Lately, my style has been running less towards bright, poppy colors and more toward a vintage sensibility – browns, kraft, muted colors and non-shiny metallics. This is inspired by two things: one, the changing colors and the crisp air in New England, where I live, and two, the Instagram feed and website of Eunice Roe.
Recently, she did a blog post on her favorite writing instruments. Now, if you know anything about me (or if you don’t), I am a great lover of beautiful pens, and it’s always been my quest to find pens that are gorgeous and take the super-fine-point refills of the pens I love to write with, pens which are normally cheap-looking, plastic-bodied pieces from Japan.
*Cue angels singing*
This pen holds refills from some of my favorite plastic pens, which allows me to make the very fine (0.3 mm) lines I like AND do it using a beautiful, conversation-starting piece of craftsmanship.
The pen has what seems to be the perfect weight – enough that it’s very material in the hand, but not so heavy that it’s tiring to write with. It seems to give just enough weight to help even the finest point glide across the page – which is saying something, especially since I’m a lefty, and unlike right-handers who pull the pen across the page, lefties often have to push, at least some of the time. When you’re pushing an 0.3 mm-point pen across paper and you can still say it glides, that’s pretty significant. (I will share that I’m an under-writer; I don’t know what the experience would be like for an over-writer or “hooker”. I imagine more difficult.)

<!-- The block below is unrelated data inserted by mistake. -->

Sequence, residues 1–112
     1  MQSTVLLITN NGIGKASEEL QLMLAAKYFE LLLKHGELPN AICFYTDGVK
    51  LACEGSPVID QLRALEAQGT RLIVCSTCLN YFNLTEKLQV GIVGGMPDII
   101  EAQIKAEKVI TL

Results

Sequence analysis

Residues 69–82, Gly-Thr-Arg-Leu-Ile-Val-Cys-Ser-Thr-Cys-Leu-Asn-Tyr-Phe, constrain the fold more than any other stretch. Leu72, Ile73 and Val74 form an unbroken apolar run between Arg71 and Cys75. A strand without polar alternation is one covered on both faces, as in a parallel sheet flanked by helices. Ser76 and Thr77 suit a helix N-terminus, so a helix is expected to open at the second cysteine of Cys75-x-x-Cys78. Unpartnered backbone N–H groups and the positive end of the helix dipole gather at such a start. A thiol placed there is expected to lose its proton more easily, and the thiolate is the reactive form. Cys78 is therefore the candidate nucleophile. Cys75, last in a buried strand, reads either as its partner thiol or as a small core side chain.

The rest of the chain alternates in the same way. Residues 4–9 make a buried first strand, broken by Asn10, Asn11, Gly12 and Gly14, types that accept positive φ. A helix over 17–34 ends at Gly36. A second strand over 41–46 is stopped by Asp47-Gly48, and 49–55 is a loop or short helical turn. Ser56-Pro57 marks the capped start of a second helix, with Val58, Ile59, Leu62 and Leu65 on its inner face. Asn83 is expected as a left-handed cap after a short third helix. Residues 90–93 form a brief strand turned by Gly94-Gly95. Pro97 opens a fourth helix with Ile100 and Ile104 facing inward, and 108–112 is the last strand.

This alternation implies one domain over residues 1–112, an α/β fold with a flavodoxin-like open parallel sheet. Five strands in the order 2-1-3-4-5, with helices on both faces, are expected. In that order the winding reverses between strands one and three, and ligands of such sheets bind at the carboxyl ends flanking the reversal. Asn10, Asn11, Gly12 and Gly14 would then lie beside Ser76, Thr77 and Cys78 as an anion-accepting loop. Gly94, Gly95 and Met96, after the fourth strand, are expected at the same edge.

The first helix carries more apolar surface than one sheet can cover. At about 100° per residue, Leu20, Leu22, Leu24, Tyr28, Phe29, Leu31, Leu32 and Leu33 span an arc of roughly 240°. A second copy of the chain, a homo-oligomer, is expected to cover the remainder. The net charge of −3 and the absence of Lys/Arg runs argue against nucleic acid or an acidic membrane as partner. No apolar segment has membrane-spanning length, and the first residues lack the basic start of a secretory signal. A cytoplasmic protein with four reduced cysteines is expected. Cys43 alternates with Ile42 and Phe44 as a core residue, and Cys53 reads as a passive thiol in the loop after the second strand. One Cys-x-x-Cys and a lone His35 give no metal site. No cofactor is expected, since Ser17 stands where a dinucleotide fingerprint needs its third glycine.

There are two cons and one thing that’s not a con but is slightly annoying.
The cap is a screw-off cap and cannot be posted. Not a deal-breaker for me, but for some it might be.
It makes your hands smell metallic when your body heat/oils/whatever react with the surface of the metal. Again, not a deal-breaker, but something to be aware of.
You need a flat-planed tool – I use an adjustable wrench – to change out the refills. You need to grip the flat sides of the nib housing and unscrew the body of the pen; you can’t do it with just your fingers and you REALLY shouldn’t use a pair of pliers because you’ll damage the metal. Not really a big deal unless you’re changing refills all the time, but definitely something you should know if you plan to put your own refill in rather than use the one it comes with (which for me was a Pilot Hi-Tec-C in 0.5).
It’s also worth noting that there is no clip on this pen; it’s cylindrical, which means (a) it’s a roller, so (b) you should probably get a sleeve to protect it and keep it in one place when it’s not in your hand. I happened to have a leather pen sleeve but ATELEIA sells them if you don’t.
This brass pen is fantastic for fall (and all the time), and I’m looking forward to many, many years of enjoyment. It’s definitely helping me make my notes for my current WIP, Siren: Bride of the Broken King, look super cool!